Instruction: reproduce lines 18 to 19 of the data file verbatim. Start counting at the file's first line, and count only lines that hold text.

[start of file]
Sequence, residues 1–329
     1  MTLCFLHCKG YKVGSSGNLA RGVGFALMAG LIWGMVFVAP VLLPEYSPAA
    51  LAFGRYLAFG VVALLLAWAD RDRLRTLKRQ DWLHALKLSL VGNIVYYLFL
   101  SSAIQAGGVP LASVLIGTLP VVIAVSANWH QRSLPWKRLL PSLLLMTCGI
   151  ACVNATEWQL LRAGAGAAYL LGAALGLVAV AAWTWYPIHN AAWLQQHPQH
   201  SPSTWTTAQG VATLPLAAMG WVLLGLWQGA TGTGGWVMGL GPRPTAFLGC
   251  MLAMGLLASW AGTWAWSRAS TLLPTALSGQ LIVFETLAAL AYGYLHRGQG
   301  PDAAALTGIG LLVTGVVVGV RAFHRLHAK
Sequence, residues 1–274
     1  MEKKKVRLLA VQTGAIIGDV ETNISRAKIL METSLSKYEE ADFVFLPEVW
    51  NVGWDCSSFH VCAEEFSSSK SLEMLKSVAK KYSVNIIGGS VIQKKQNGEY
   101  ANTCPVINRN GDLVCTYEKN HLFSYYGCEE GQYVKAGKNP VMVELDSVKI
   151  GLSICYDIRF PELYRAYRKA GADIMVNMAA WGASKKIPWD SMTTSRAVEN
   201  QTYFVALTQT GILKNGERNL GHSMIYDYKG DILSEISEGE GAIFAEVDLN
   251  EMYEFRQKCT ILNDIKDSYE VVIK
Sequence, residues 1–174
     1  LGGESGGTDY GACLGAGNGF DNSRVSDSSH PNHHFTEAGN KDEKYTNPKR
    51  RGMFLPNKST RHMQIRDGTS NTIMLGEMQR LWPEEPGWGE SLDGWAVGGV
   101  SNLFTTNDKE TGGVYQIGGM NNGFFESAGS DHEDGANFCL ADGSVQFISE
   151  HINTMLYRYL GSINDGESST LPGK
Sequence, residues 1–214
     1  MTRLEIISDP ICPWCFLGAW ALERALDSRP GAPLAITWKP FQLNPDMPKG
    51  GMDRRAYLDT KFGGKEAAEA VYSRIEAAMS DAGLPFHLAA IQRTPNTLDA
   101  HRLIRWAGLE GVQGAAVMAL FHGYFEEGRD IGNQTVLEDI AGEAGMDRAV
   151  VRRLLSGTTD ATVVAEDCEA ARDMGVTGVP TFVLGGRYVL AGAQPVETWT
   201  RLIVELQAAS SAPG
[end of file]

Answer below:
    51  RGMFLPNKST RHMQIRDGTS NTIMLGEMQR LWPEEPGWGE SLDGWAVGGV
   101  SNLFTTNDKE TGGVYQIGGM NNGFFESAGS DHEDGANFCL ADGSVQFISE